Former mayor Tom Nyquist, whose property abuts the project site, reacted in a way that was typical of many of those in attendance. “I didn’t pay too much attention when the rezoning took place,” he admitted, but he nevertheless was surprised that it allows for buildings up to 50 feet tall adjacent to the H zone, where they can only rise 30 feet. “It’s a tremendous step upward,” he said. “I don’t want to look at the wall of China across from me.” He said that a less imposing structure, perhaps just three stories tall, would make him feel more comfortable.
The NBR zoning was “done very much in the public,” said board member Rich Steffens, and “all these issues were considered.”
Neighbor Brad Barclay use the word “shock” to describe his reaction to the proposed four-story building, which will be adjacent to the village’s historic district. “We need permission to change the color of our house,” he said.
Concerns were also raised by Marietta Schneider, who chairs the board of Historic Huguenot Street. She said that the proposal is one that is “testing the limits of what’s allowed,” and that she and her fellow board members were “caught unaware” by the project. She speculated that Zero Place would be visible anywhere in the historic district, and that increased traffic generated by the structure could harm the integrity of the foundations of the stone houses which are a national landmark.
There was some level of confusion regarding the use of the word “historic” in discussions. Shepler maintained that the structure would not be visible from Historic Huguenot Street, but the area of the village zoned “historic” runs right up the side of the rail trail across from the proposed Zero Place, where it would be difficult to miss. To that end, board members pressed for some illustrations that would clearly show how much of the building would be visible from various viewpoints.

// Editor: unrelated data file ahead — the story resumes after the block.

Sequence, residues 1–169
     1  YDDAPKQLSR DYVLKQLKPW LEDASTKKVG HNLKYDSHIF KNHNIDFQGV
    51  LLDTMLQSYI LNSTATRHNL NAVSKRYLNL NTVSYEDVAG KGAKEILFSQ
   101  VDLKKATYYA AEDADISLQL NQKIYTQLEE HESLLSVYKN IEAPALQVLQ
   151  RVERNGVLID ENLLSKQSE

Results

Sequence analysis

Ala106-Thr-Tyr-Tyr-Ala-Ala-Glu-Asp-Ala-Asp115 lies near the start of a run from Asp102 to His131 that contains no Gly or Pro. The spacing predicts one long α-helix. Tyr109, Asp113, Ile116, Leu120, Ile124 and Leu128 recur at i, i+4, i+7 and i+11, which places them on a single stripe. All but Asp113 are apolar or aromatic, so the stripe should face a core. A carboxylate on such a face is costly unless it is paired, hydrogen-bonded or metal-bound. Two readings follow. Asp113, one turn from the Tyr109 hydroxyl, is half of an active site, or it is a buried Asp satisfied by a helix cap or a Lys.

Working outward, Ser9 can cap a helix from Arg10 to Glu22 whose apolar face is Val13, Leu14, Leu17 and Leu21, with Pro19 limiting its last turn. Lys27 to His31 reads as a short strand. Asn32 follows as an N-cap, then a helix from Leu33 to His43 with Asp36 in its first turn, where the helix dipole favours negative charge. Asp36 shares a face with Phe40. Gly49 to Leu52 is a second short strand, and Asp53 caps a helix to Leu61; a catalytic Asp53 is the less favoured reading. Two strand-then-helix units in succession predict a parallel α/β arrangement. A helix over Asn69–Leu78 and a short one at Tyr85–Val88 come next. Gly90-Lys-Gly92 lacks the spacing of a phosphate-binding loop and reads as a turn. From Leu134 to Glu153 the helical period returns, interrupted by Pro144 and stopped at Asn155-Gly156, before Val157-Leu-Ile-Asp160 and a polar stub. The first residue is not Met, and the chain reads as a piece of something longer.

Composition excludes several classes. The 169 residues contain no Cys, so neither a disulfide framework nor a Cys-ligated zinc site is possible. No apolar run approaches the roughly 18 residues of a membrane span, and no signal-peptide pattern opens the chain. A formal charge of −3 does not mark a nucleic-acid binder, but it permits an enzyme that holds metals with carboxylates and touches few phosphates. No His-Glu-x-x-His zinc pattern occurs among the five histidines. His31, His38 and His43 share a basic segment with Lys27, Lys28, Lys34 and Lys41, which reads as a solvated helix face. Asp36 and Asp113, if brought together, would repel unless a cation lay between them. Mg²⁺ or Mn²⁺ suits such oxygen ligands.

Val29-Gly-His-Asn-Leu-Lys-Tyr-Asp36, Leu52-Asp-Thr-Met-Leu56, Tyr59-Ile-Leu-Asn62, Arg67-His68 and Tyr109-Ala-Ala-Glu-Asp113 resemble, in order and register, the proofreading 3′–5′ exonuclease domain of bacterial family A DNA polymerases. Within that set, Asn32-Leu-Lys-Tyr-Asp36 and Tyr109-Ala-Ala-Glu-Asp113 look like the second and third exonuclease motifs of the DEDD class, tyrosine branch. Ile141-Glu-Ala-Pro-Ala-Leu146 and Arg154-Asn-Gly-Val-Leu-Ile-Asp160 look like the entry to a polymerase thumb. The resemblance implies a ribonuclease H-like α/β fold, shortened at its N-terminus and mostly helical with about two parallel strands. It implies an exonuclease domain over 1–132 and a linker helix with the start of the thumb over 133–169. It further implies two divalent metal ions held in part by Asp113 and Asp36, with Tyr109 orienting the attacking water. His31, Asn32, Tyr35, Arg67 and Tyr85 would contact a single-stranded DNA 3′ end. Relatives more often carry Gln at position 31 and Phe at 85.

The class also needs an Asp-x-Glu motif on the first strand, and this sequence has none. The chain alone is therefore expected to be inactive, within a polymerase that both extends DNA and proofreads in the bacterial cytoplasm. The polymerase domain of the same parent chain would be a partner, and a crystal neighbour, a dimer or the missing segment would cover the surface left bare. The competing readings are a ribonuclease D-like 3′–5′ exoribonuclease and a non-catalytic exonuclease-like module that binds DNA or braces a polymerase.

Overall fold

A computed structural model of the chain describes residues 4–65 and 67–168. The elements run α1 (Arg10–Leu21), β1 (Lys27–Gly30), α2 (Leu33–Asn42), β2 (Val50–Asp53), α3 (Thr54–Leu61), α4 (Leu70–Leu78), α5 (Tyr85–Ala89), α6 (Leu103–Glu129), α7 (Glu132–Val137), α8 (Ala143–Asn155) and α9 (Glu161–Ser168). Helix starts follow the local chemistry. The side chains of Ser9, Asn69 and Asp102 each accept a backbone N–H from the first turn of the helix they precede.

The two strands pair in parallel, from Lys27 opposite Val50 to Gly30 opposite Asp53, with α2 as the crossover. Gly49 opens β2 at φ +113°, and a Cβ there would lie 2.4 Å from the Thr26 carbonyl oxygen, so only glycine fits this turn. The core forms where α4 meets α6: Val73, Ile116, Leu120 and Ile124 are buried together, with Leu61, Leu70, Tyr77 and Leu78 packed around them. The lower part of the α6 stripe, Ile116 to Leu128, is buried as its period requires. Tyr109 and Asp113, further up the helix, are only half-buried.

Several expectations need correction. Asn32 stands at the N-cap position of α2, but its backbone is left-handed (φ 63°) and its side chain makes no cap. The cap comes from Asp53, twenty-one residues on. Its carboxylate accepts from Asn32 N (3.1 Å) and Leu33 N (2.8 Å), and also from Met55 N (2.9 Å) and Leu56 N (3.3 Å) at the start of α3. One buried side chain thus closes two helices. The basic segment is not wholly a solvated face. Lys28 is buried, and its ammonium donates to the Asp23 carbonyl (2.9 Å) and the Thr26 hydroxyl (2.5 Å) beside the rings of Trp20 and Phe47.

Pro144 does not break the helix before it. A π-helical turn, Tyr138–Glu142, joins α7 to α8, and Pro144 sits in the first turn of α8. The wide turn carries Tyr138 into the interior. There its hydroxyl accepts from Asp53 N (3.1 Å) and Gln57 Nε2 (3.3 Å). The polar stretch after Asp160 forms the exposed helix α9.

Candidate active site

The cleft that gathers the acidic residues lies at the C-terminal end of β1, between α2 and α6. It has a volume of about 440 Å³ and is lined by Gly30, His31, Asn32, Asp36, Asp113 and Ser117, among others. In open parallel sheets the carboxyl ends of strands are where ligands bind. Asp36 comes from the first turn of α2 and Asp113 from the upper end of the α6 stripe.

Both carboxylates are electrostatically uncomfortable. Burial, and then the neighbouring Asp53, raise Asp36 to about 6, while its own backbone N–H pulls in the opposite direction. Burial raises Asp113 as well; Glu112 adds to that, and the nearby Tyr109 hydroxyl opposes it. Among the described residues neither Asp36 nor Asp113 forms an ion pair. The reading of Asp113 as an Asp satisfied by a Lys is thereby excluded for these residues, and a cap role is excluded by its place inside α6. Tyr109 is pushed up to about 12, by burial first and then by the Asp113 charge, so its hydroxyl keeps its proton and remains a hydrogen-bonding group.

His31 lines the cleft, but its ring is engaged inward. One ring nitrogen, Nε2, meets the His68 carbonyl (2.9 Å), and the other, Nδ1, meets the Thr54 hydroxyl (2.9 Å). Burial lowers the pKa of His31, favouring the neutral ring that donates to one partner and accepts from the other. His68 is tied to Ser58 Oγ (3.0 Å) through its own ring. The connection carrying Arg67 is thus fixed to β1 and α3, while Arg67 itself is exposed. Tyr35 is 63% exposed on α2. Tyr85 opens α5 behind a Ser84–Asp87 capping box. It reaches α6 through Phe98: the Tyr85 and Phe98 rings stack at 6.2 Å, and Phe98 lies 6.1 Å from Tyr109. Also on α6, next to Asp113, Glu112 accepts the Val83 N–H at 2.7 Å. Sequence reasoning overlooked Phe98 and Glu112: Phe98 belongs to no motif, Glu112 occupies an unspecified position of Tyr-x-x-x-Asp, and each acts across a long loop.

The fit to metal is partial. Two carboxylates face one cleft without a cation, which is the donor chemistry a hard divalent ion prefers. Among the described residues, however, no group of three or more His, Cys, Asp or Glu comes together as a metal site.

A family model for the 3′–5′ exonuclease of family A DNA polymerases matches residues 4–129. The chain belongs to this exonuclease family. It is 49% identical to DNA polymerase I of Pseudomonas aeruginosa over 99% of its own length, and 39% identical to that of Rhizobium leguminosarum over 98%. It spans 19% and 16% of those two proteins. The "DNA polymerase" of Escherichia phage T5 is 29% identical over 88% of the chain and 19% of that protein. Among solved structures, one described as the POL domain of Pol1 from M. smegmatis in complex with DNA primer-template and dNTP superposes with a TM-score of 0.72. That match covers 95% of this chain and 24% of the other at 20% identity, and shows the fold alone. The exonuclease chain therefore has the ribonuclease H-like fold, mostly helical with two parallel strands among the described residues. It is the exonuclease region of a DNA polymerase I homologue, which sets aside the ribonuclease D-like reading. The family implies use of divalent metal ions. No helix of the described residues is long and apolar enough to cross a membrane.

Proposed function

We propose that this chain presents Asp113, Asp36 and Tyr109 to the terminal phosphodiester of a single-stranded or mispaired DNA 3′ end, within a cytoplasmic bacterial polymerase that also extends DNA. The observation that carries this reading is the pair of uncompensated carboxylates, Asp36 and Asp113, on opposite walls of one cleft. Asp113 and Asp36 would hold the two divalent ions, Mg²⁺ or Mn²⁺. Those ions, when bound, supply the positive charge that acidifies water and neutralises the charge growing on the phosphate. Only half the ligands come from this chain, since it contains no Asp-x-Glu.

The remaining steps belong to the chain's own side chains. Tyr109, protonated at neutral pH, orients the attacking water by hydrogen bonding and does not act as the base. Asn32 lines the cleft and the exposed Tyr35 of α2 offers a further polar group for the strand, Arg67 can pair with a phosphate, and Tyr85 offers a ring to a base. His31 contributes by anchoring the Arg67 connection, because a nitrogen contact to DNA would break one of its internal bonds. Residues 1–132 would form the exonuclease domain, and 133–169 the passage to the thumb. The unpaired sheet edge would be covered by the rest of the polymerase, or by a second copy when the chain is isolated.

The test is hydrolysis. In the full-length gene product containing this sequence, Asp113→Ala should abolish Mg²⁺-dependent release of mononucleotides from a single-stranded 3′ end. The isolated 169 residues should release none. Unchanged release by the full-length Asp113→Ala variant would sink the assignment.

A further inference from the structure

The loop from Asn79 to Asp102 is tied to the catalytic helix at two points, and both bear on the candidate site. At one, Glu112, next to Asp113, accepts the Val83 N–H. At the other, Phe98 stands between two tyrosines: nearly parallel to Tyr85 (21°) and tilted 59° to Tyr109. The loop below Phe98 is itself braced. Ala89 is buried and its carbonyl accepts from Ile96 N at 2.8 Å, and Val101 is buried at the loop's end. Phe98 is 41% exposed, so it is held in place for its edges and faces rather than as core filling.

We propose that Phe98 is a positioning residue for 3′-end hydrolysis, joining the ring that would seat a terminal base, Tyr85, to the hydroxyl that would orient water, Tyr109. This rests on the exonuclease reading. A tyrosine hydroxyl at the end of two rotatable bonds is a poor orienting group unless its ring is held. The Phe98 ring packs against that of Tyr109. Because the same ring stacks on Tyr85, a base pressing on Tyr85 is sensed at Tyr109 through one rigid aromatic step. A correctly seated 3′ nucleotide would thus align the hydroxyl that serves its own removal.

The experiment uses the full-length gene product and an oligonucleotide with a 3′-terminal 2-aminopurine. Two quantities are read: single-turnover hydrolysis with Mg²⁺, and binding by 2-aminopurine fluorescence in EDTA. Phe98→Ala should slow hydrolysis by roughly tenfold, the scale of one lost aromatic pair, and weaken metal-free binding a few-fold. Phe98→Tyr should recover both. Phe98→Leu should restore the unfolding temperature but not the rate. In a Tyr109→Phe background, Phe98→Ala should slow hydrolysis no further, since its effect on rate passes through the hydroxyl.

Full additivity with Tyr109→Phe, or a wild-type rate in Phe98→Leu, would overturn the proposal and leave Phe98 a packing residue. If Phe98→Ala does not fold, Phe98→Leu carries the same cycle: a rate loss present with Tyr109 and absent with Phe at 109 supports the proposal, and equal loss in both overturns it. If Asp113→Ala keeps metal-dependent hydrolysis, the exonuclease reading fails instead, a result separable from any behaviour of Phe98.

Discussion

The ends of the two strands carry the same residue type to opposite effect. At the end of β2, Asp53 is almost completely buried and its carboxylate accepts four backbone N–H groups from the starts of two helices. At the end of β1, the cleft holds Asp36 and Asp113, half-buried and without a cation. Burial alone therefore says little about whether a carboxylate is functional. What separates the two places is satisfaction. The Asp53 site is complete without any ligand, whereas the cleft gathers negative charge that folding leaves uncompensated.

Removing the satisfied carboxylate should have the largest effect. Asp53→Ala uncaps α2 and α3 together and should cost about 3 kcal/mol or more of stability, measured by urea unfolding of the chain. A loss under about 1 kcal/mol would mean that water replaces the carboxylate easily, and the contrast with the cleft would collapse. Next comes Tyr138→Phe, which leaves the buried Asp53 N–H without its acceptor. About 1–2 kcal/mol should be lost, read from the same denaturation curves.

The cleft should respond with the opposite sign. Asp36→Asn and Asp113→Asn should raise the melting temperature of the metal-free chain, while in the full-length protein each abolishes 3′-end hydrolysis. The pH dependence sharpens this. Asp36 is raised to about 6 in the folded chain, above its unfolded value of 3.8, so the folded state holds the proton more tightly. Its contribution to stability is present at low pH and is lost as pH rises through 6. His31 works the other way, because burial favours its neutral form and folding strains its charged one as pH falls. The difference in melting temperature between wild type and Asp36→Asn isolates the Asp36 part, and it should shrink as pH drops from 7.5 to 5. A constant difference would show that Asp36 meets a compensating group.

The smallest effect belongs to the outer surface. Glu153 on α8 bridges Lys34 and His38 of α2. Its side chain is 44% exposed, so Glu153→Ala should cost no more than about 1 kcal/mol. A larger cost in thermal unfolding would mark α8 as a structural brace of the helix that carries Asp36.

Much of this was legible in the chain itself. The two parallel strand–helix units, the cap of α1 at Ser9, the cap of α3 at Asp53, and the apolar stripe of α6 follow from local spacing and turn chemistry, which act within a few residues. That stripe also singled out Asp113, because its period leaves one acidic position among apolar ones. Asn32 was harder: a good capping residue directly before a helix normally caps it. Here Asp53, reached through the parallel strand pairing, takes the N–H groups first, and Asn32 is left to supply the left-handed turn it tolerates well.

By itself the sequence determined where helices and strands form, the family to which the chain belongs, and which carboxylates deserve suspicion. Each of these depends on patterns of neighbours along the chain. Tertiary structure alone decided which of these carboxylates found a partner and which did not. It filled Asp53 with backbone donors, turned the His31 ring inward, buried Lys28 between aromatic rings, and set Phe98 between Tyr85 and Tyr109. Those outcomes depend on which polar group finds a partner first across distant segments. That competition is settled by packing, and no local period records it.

Cara Lee told the board that she was trying to visualize the build-out of the NBR corridor, and it troubled her. “There could be four corners of Mulberry with buildings this large,” she said.
Zierler agreed that, since nothing has yet been built under this new zoning, that it’s difficult to imagine what this “blank slate” might look like after 20 years.
Schneider was also concerned about the noise impacts of residents on the roof, which use is specifically contemplated in the code. Exactly what will end up on that rooftop is still very much in flux, however. While there are certain exempt structures — such as elevator shafts — which can exceed the 50-foot height limit, there’s also a 10% area limit on how much can be higher. Architect David Toder tried to argue that the roof area should include the canopies along the sides for such a calculation, but it was clear that board members were not receptive to the suggestion.
“I prefer you consider the top of the building only,” said Zierler.
Other questions don’t have clear answers because of vagaries arising out of many layers of law. A generator which will be installed is considered a structure, for example, and thus can’t be placed in the rear-yard setback area. On the other hand, it’s not at all clear that the transformer which Central Hudson will be putting in is subject to the same restriction.
Among the other issues to be clarified as the project moves forward are details regarding runoff (which engineer Barry Medenbach anticipates will be less than what’s there now), the exact traffic impact (Zierler wasn’t convinced that it would be “none,” as indicated on the plans), and what the landscaping will look like. Because the parking will be alongside, the hope of completely obscuring the cars is not feasible, but Zierler encouraged Shepler to ask his landscape architect “to be imaginative.”
Zierler also addressed comments that an isolated stretch of sidewalk serves no purpose. “A complete sidewalk is a village problem,” he said, adding that he is personally committed to seeing the sidewalk extended far enough to cross tributary 13, just north of this property.